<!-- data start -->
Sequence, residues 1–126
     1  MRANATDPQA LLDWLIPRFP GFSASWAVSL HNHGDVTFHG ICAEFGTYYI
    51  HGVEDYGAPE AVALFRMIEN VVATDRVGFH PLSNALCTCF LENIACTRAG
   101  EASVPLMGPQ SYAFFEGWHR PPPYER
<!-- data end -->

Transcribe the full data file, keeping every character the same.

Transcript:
Sequence, residues 1–126
     1  MRANATDPQA LLDWLIPRFP GFSASWAVSL HNHGDVTFHG ICAEFGTYYI
    51  HGVEDYGAPE AVALFRMIEN VVATDRVGFH PLSNALCTCF LENIACTRAG
   101  EASVPLMGPQ SYAFFEGWHR PPPYER